15 December 2014

Review #102: Living Tresaures by Yang Huang

My rating: 5 of 5 stars

In China, women are pressured, and in some cases forced, to abort if they already have one child. Abortion is extremely common and widely accepted. Hence, the women in China say:

“It’s a rather common occurrence, [like eating] an ordinary kind of food. There’s nothing worth talking about.”

Yang Huang, a Chinese author, showed us how harsh the situation in the rural areas in China was when the one-child policy established by the government, in her debut book, Living Treasures . Living Treasures was a Bellwether Prize finalist, which is a strong historical novel set in China against the one-child policy.

Set in China during the tumultuous Tiananmen Square protest in 1989, Living Treasures portrays the crusade of Gu Bao, a girl who grows up under the Chinese government’s one-child policy. The Chinese government has enforced strict controls to keep the country from environmental destitution and poverty ever since Mao’s ban on family planning left China a legacy of 1.1 billion people, 20% of the population on earth.

Bao searches for her inner strength while exploring the Sichuan mountain landscape. She befriends a panda mother caught in a poacher’s snare, and an expectant young mother hiding from villainous one-child policy enforcers bent on giving compulsory abortions. All struggle against society to preserve the treasure of their little ones. Bao devises a daring plan that changes the lives of everyone around her. Will Bao earn a second chance to save a family from destruction? What price will Bao pay to prevent a full-term abortion and save a panda cub?

18-year old Gu Bao's life, who is a first-year law student changes drastically on June 1989 when a student demonstration against the government in Tiananmen Square goes out of control. However, she herself was not present in the demonstration, but on that very day, Gu Bao falls pregnant with her young soldier lover. Following which Gu Boa's parents forced her to abort the child by brainwashing her. Gu Bao went to her grandparent’s village, where she grew up, to have the procedure. It is where Gu Bao realizes the harsh condition of expectant mothers, forced to abort their child by the one-child policy enforcers. Gu Bao jumps to rescue a young expecting mother who went into hiding in the woods, even if she has to sacrifice her own ability to become a mother.

Gu Bao is a brave and strong-willed character. I never came across a woman like who would jump into fire just to save another's. Moreover, Gu Bao's demeanor astounded me when her parents forced to abort her own child. She did not even utter a word for her defense. She simply obliged.

What is astonishing is that this story's backdrop is actually set on a poignant love story whose strings will pull you deeper into the core of this heart-touching story. Though the relationship was highly forbidden on the face of Bao's parents, teachers and law, still their blossoming, passionate chemistry will fill you up with warmth. Not only has that Huang skillfully interwoven various issues faced by a young unmarried woman back in 1989 in China. It seems Huang used the notion of China's national treasure- Giant Panda, metaphorically to contrast the stark in-differences faced by an expecting woman and the mother Panda trying to nourish her cub.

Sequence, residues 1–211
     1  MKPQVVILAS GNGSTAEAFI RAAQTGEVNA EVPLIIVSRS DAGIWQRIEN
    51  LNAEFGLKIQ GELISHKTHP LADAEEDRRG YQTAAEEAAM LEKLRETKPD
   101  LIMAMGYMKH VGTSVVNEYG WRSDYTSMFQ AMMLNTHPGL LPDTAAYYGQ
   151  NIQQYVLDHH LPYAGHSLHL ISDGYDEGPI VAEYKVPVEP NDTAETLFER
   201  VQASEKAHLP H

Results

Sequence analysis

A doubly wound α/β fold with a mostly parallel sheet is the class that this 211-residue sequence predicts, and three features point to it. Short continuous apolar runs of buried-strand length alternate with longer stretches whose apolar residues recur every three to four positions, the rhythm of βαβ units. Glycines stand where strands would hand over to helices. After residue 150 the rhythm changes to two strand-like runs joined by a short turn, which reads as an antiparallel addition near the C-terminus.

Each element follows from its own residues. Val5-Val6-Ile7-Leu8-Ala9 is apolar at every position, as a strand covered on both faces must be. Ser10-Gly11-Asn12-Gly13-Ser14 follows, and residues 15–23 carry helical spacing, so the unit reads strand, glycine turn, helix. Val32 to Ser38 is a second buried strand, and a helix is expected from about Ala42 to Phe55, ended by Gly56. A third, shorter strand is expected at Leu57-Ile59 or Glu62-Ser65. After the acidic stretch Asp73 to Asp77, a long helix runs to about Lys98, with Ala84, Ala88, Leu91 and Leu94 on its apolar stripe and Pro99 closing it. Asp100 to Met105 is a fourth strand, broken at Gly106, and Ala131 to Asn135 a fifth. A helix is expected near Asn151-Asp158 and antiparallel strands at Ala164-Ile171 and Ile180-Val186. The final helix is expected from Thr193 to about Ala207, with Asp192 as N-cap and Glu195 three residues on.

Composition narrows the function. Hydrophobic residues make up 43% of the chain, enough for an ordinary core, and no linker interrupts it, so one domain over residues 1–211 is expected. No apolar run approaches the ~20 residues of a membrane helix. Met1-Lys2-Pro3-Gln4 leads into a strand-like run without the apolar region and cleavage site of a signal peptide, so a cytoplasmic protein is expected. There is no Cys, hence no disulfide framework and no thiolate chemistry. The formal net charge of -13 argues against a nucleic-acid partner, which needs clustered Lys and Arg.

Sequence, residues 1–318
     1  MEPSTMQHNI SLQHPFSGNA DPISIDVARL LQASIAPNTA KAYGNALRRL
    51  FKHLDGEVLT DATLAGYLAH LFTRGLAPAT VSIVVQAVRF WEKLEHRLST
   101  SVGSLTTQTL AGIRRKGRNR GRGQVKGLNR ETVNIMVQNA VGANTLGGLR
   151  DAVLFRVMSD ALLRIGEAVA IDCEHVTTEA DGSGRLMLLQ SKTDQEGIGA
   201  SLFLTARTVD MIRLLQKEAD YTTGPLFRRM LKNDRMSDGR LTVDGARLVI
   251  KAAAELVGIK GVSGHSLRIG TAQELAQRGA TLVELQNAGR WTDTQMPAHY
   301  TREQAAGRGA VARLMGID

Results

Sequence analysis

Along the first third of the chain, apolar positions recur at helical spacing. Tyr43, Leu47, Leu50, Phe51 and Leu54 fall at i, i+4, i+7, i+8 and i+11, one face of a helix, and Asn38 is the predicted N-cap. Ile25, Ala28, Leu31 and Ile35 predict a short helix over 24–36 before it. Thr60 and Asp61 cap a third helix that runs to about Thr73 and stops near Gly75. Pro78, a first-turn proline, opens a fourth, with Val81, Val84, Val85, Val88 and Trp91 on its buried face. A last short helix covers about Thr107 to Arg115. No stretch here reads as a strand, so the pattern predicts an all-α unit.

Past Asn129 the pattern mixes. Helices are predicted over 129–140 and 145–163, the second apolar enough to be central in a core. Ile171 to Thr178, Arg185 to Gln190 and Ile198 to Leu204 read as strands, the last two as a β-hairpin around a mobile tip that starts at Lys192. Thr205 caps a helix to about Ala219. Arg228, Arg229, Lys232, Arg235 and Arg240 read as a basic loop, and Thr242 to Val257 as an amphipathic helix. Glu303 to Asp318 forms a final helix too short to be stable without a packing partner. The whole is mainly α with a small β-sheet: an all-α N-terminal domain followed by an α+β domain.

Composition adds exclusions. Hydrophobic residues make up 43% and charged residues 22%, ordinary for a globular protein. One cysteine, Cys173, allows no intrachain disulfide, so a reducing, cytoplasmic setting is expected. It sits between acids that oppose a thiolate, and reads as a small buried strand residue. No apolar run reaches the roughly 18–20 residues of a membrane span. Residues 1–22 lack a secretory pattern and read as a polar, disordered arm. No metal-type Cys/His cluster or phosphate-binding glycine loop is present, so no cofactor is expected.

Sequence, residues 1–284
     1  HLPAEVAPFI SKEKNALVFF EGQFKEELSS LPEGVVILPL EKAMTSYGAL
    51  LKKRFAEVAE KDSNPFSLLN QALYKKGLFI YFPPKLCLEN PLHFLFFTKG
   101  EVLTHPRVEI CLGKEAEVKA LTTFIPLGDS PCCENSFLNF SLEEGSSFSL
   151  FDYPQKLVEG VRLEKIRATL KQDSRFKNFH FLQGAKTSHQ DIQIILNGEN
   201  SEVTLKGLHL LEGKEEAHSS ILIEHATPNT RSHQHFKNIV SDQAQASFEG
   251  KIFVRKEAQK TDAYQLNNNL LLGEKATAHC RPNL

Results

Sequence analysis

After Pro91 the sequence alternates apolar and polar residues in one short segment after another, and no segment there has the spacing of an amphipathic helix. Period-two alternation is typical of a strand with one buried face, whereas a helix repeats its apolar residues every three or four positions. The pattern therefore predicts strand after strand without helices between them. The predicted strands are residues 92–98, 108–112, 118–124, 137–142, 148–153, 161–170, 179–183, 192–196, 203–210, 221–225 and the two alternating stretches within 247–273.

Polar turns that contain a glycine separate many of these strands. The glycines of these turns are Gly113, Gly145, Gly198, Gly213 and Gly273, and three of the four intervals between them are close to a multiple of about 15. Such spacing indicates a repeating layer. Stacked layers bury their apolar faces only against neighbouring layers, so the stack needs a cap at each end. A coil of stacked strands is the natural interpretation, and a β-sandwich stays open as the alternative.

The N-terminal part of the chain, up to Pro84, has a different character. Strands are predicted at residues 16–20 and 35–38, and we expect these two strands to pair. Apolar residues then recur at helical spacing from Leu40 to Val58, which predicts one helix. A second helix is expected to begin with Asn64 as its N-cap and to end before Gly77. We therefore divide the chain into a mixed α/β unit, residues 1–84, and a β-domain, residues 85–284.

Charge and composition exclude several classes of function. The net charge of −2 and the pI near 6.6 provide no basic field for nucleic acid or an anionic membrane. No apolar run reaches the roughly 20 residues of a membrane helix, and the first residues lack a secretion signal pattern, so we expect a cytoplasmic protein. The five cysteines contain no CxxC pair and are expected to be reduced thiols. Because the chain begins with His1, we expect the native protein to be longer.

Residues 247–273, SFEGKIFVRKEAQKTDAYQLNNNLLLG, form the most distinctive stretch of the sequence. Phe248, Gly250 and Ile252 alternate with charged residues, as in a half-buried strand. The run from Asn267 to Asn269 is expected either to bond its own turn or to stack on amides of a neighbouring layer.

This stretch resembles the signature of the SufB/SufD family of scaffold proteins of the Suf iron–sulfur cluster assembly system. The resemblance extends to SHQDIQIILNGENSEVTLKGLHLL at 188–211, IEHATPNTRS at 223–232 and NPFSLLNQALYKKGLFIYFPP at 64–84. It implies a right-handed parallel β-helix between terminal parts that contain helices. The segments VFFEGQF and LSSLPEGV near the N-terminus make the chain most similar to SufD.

Yang Huang intricately detailed and delicately captured the bright landscapes, culture, superstitions, heritage, sights, and sounds of Pingwu County countryside and the city of Nanjing. Reading which will completely transport your mind and soul into the forbidden lands of China. From the very first page, I felt that very essence of China that drew my senses as well as my heart into the very core of the story.

The third-person narration is lyrical yet literary and flows like a free-flowing river. Living Treasures is a gripping and extraordinary historical and cultural novel that declares author Yang Huang as a talented, master storyteller.

Verdict: This historically as well as culturally-rich novel set in China will only swoon your heart and mind.

Courtesy: I would like to thank the author, Yang Huang, for giving me the opportunity to read and review her debut novel. 

Author Info:
Yang Huang is a fiction writer, a computer engineer (working at U. C. Berkeley), and a mother of two boys. 
Her debut novel Living Treasures was published on Oct. 23, 2014.
She writes fiction about the “Grass People” in China. People are like grass; their beauty is like a flower in the field. Grass people have little voice or political power but live as best they can in an unjust society.

Visit her here

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